June 10, 2011

TGIF! (7)



TGIF is brought to us by Ginger at GReads!

It's a way for bloggers to celebrate the end of the week with a nice re-cap of their weekly posts and to answer a random question.



YA Saves: How do you feel about the "dark" books filling our YA shelves today?

I don't think any of the YA books are "dark." At least, not in the sense "dark" is being taken these days. I think some YA books are "depressing" or "raw" or "insightful." Not "dark."  "Dark" - as it's been used in the past few days/weeks - undermines YA literature.  To say YA books are "dark" is to say that no good comes from them.  As an avid reader of YA literature, I have to disagree; the good comes in many different forms, but it's there, even in "dark" YA books.

Do I personally agree with every action or thought attributed to the heroes/heroines/characters in the "dark" books? No, of course not. There's always going to be that girl that feels she needs to be perfect. There's always going to be that guy (or many guys) looking for nothing but sex. There's always going to be the overlooked best friend that needs you in times of trouble, even though you're fighting. There's always going to be the damsel in distress that makes men appear superior.  There's always going to be the fighter.  There's always going to be the winner and the loser.  But just because there's always going to be these things - these types of characters - it doesn't mean that I have to be, or will be, like any of them. It doesn't mean one, two, three books are going to overturn my own sense of reality and identity.

Even if the issues/problems have never personally happened to me before, it doesn't mean I should be ignorant of them. 

I don't think there's anything wrong with "dark" books filling our shelves. I think it's about time people tackle the issues few are willing to discuss/express out loud or in person. The good's always there. Some just refuse to see it.

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Coming up this week:

Review of Going Bovine by Libba Bray!

11 comments:

  1. Hi, new follower here from the hop. Nice blog!

    :)

    ReplyDelete
  2. Zakiya LadyWingsJune 10, 2011 at 1:35 PM

    Hello! Stopping by via the Hop. I've always loved your yellow background!! :D Already a follower My post this week is here.

    Don't miss loads of fun!

    ~Zakiya LadyWings

    ReplyDelete
  3. Those are some good points. I think it's funny that YA is being labeled "dark" when a lot of it isn't, and the ones that are, aren't any more dark than other genres, or movies, or video games.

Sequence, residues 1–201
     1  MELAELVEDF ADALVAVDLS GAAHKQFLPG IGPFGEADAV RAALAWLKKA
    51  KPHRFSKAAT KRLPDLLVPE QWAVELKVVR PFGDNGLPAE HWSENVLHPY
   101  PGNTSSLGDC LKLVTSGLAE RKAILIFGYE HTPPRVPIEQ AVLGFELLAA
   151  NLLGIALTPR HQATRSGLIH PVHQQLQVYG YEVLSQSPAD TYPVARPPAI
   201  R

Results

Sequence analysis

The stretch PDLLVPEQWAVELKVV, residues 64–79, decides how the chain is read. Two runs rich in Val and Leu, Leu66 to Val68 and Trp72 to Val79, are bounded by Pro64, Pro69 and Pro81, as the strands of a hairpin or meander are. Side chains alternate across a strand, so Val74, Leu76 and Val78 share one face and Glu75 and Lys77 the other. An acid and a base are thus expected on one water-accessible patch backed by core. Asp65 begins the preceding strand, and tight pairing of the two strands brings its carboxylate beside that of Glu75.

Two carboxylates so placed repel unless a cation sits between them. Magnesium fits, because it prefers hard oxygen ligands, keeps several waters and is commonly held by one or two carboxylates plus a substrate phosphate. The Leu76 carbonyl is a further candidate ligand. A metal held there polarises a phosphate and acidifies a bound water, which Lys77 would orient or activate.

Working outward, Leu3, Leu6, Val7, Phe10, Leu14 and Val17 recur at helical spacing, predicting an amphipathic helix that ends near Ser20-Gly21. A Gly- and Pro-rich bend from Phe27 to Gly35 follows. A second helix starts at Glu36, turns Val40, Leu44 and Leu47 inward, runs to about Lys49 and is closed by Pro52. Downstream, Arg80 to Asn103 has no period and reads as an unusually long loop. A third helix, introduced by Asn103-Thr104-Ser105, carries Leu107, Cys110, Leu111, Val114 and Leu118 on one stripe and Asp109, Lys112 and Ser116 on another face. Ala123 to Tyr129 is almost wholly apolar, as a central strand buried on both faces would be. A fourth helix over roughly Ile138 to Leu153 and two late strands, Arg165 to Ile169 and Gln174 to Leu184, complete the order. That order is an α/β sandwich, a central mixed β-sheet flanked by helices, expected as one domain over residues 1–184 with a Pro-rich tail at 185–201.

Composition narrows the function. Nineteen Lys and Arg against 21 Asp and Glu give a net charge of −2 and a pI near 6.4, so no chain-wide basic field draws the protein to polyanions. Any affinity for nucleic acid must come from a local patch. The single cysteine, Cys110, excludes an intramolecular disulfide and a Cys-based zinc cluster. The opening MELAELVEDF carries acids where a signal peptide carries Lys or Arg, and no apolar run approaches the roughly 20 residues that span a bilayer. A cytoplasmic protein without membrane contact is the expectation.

Have a great weekend!
    kathy from Read This Instead

    ReplyDelete
  4. Stopping by from the Hop. I guess everyone's having problems with the Google Followers widget today. Good timing Google!

    Discover new authors at Indie Snippets!

    ReplyDelete
  5. Great answer! I agree with you so much. I wrote a post about it last week but we share similar thoughts on the subject. I love this line from your answer "the good comes in many forms, but it's there, even in the "dark" YA books" ...it's so much like life and our experiences. And literature reflects life...to ignore the good or the dark would be such a misrepresentation of life. It's not all sunshine and lollipops but nor is it all doom and gloom.

    Love your layout by the way! I looove bright yellow.

    --Jamie at The Perpetual Page-Turner

    ReplyDelete
  6. Wow! Every answer I’ve read is a great one. Some have been surprising, too.

    The one author I have to meet before I die? Tricky question! It took me a long time – much longer than usual – to come up with an answer.

    Who’s that author I’m dying to meet?

    Hop this way to find out my roguish answer – http://www.howardsherman.net

    Howard A. Sherman, Implementor
    http://www.howardsherman.net

    ReplyDelete
  7. For me calling something 'dark' is a bit of a cop-out. It's like saying, "Oh, they're books about vampires and werewolves and things like real life problems - they must be up to no good."

    Yes, there will be books that may be a little above a child's level, but I believe kids do a pretty good job policing which books they should and shouldn't read on their own.

    In short, I agree with you.

    ReplyDelete
  8. Hopping through. It's amazing how dark Harry Potter is and no one seems to question that. Classic literature is often dark and it's still "good."
    My Hop

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  9. Hoping through via Parajunkee's hop. My pick would be Elena from Kelley Armstrong's Women of the Otherworld series. Not only is she the only female werewolf but she's also married to Clay. Yum! I'm your newest follower, happy weekend!

    Carmel @ Rabid Reads (Twitter)
    Join the Midnight Summer Festival.

    ReplyDelete
  10. Thanks for visiting my blog!
    Sometimes I think the people who complain about supposedly 'dark' books don't even read them. They just assume that because it's about a particular subject it must be 'bad'.
    Have a nice weekend!

    ReplyDelete

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